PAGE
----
The Weekend After

How quickly life returns to normal.

I've got into the habit of not staying up until four in the morning, but sleeping at midnight and waking at eight - meaning I'm now out of step with pretty much everyone I know, including my parents.

There was a Stop The War conference on Saturday - and seeing as (a) I was in London anyway and (b) a comrade had phoned to tell me I was going, I went.

It was mostly about Iran, with, shall we say, a variety of viewpoints expressed from the platform and floor. There was "Iran is a dictatorship but not a bad one so it doesn't really deserve to be bombed", "We've got to make the soldiers mutiny, comrades", "We want the resistance to win and British soldiers to come home in bodybags", "The neocons want to bring about the nuclear Armageddon by bombing Iranian nuclear power stations", and the old favourite "Iran has a lot of Jews so anyone who isn't antiwar is antisemitic".

Fortunately, the majority were quite sensible - "You don't change a regime by bombing its victims, and if you do want to give the Iranian people freedom you help them get it in their way for their own purposes" and "the war is about oil and control, not punishing people for living under a dictatorship".

Galloway spoke, and (this time) managed to avoid telling half the audience to "piss off, go on get out, the lot of you". There was also a painfully portentous speech from a man who couldn't have been over 25 - " is you, you who give us the strength to endure the struggle...yet how strange the worm turns...for these are the times that try men's souls...". Hmmm, yes, worms do indeed turn strangely.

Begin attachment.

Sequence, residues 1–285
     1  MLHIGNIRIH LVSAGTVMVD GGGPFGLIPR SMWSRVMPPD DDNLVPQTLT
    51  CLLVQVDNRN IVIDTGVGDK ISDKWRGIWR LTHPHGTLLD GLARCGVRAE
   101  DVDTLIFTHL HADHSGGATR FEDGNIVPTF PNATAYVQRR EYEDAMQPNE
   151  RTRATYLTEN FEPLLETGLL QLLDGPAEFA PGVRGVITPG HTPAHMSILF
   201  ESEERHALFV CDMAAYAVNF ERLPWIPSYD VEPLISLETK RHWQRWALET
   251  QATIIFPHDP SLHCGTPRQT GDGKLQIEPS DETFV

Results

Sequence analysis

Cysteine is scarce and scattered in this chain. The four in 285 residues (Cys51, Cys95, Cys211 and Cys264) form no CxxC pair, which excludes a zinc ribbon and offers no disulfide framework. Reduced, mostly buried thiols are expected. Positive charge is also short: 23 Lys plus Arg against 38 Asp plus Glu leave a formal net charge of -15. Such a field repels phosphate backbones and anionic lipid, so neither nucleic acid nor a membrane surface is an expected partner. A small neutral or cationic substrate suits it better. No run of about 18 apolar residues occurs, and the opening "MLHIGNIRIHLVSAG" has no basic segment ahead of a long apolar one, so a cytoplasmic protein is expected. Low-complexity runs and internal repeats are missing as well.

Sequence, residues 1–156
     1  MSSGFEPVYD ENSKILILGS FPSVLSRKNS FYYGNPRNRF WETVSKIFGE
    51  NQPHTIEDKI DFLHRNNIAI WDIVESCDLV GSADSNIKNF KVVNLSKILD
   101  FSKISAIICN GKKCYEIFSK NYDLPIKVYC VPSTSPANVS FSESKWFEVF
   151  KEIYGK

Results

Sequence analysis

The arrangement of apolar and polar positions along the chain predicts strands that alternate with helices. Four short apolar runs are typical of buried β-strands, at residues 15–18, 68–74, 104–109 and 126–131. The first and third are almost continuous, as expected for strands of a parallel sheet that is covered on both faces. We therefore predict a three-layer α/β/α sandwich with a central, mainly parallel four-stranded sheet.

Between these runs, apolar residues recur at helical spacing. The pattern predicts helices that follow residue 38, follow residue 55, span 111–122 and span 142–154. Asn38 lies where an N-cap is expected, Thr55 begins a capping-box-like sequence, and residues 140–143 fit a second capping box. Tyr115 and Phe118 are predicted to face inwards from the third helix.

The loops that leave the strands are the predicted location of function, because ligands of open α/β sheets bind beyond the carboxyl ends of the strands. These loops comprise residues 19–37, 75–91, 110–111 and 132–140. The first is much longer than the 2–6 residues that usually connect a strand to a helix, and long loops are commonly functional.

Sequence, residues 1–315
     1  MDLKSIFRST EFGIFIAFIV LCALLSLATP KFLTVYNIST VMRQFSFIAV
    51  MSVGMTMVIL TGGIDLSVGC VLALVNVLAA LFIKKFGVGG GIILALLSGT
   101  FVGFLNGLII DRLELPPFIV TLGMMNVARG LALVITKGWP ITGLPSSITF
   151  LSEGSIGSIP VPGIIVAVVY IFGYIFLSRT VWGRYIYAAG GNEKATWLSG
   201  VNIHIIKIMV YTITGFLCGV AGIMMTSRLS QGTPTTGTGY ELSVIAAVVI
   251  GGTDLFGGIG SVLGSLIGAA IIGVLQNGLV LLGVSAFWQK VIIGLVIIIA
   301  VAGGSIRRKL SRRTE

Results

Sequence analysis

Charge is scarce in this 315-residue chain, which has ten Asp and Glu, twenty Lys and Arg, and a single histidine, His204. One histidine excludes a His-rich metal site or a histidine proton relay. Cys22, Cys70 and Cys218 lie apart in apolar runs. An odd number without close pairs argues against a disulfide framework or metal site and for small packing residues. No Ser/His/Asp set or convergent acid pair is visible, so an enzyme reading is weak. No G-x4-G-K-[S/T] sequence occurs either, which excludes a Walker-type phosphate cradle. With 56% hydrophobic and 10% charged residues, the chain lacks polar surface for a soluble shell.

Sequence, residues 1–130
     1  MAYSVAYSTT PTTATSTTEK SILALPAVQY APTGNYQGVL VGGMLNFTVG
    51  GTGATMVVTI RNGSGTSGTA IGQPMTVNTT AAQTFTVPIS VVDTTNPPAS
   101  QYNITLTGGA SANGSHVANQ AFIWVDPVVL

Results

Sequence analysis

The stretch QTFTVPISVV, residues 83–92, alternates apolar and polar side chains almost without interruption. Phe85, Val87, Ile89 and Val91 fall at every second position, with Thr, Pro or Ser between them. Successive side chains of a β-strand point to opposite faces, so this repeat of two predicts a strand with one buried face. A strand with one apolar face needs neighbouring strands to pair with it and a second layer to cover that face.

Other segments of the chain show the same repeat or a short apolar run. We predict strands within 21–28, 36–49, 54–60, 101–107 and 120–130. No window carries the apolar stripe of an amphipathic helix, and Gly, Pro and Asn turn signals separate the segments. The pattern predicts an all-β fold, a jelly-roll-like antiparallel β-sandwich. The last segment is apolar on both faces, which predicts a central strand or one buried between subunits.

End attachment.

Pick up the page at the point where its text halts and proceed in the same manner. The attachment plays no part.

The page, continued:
So, STW may not be what it was, but it's still significant and still broadly on a reasonable track.

On Sunday a dusky sixteen year old boy begged me to taste his mayonnaise. It was rich and creamy and he made far too much for me to swallow. Okay, he is a trainee chef looking for taste-testers, and I was fixing his mum's computer at the time, but...well, anyway.

It somehow wouldn't have been fitting to return home in trains that ran on time, that weren't replace by crawlingly slow busses because the tracks were still being repaired, and didn't finally deposit me home with a half hour trudge in the rain carrying three rucksacks. So I didn't.

And it's somehow comforting to get three calls before you're even home, asking you to babysit a daughter, record some music and, yes, repair a computer ASAP please.

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